Net Metering Debates Heat Up

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Net metering policies evolved in several states this year, including Michigan, Connecticut, and Maine. Meanwhile, other states such as Kentucky saw heated battles sure to return.

PACE supports changes in net metering laws that bring more fairness to the system – paying retail rates instead of avoided costs for net metering subsidizes electricity bills for a small number of residents and puts more costs on low and fixed-income families.

Increasingly, states are taking a hard look at their net metering policies and aiming to bring payments in line with market rates, despite strong pushback from the renewable energy industry.

Net metering reform continues as one of the most controversial battles in domestic energy policy. This year, Michigan and Connecticut passed important reforms that bring fairness to net metering payments. Maine’s Governor Paul LePage protected consumers by once again vetoing legislation that sought to undo similar reforms in his state.

At PACE, we support policies that promote affordable energy for all. We absolutely believe in the value of solar as a clean, renewable energy source.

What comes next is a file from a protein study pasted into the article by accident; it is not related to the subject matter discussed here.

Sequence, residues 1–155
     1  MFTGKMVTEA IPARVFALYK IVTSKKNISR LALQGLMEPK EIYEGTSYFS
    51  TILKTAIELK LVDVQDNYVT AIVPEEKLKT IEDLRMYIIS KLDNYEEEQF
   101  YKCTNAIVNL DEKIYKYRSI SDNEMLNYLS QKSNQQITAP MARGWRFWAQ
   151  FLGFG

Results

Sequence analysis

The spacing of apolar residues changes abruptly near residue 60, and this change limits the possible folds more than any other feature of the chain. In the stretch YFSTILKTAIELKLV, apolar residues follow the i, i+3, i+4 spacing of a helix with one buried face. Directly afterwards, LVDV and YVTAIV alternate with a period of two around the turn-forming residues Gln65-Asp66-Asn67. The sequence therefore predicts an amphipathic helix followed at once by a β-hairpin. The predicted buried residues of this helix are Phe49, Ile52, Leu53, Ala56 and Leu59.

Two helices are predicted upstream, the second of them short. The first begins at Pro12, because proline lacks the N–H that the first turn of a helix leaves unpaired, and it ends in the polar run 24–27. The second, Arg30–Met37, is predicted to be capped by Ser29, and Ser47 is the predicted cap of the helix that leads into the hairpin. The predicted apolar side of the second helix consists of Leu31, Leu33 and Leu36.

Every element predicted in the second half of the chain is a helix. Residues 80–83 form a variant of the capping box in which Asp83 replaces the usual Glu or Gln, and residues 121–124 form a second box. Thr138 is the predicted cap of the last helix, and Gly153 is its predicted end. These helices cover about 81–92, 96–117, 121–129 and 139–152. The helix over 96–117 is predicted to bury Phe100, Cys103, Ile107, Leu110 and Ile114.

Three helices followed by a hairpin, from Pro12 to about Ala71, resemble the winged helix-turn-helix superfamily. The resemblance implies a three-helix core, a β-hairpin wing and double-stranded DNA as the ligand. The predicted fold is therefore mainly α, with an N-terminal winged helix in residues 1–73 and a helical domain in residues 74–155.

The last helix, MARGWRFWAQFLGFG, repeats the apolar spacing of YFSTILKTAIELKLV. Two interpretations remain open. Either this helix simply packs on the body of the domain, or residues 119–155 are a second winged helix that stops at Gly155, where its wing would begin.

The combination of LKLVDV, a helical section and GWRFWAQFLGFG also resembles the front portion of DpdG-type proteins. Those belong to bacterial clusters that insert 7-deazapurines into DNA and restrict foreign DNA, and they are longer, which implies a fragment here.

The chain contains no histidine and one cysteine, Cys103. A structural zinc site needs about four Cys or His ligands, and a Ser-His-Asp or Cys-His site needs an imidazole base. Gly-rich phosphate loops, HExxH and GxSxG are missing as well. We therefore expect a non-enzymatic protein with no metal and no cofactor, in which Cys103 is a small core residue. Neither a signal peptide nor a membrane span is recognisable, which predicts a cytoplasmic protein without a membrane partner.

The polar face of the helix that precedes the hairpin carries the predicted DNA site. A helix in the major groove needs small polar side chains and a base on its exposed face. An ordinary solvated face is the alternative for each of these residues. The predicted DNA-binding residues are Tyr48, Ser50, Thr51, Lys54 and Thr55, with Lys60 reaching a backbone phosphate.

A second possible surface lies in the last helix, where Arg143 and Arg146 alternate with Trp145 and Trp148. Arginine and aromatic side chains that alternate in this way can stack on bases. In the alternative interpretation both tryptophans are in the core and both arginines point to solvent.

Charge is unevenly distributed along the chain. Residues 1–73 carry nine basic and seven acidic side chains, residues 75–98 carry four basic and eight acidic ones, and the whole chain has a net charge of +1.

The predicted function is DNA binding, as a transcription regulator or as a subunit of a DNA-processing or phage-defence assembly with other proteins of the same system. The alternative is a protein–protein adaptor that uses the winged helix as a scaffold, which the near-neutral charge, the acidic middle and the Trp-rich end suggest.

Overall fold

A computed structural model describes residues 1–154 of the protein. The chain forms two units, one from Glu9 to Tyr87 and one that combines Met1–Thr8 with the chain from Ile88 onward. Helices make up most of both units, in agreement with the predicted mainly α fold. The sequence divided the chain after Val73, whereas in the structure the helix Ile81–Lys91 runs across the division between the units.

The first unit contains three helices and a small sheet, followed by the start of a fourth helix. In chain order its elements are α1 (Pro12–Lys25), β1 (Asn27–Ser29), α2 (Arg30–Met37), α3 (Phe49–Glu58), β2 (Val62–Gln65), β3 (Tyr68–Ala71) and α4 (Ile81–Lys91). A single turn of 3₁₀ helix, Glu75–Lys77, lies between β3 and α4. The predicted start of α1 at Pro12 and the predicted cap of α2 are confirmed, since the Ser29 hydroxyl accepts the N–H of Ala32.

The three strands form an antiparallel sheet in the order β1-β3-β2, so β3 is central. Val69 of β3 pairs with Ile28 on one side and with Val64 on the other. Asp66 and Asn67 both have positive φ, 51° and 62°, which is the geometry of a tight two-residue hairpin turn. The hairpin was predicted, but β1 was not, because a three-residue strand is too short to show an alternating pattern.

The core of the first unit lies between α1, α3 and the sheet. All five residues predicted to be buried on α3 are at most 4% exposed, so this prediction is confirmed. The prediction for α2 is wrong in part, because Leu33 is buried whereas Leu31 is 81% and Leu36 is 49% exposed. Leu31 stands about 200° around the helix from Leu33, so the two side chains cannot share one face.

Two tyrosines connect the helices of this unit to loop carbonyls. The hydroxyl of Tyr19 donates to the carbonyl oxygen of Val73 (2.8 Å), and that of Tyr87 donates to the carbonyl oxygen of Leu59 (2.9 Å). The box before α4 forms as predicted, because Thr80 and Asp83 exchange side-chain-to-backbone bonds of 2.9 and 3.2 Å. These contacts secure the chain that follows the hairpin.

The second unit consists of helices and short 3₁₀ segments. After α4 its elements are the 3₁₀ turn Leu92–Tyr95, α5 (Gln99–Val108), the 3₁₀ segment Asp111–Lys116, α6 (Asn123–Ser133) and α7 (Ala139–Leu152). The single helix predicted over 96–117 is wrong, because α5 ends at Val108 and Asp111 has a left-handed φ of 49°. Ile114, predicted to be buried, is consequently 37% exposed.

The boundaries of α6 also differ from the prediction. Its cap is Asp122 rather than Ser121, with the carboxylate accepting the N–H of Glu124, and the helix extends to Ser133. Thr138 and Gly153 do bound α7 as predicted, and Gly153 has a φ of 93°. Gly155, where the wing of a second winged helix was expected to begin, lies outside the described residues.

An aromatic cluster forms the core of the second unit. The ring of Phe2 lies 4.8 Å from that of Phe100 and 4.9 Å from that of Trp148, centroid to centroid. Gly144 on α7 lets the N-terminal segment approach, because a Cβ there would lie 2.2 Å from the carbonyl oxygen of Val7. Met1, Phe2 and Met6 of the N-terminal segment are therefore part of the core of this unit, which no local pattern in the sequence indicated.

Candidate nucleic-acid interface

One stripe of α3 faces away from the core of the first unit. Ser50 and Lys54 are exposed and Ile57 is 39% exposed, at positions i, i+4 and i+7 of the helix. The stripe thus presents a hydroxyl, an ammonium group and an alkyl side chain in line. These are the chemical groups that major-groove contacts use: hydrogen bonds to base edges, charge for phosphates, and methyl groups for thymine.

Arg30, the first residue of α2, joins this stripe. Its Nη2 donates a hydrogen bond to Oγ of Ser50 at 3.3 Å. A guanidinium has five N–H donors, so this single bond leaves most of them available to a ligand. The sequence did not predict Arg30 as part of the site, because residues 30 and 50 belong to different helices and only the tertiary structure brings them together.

But if states sustain true net metering, they are essentially saying that private solar electrons (rooftop or ground-mount systems at an individual home or business) are worth more and that everyone must chip in to pay for them.

It’s important to protect against policies that allow a small number of customers to have their energy costs subsidized by everyone else, including many low and fixed-income families.

States are right to carefully examine their net metering policies to ensure net metering payments accurately reflect private solar grid benefits and costs, and that those payments don’t distort the energy marketplace by paying excessive rates for private solar generation.

We’ll keep you posted on the latest developments with net metering as debates continue across the country. This fall, watch for an update of our 2017 report. We’ll provide a snapshot by state and U.S. territory of the current policies, recent significant developments, and our assessment of whether policies properly value all consumers.